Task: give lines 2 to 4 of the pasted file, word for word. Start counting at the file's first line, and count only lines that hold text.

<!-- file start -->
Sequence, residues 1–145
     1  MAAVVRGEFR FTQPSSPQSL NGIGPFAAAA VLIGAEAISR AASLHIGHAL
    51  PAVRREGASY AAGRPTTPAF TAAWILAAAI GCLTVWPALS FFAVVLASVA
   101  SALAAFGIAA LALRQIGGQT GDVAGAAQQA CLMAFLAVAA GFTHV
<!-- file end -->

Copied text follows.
     1  MAAVVRGEFR FTQPSSPQSL NGIGPFAAAA VLIGAEAISR AASLHIGHAL
    51  PAVRREGASY AAGRPTTPAF TAAWILAAAI GCLTVWPALS FFAVVLASVA
   101  SALAAFGIAA LALRQIGGQT GDVAGAAQQA CLMAFLAVAA GFTHV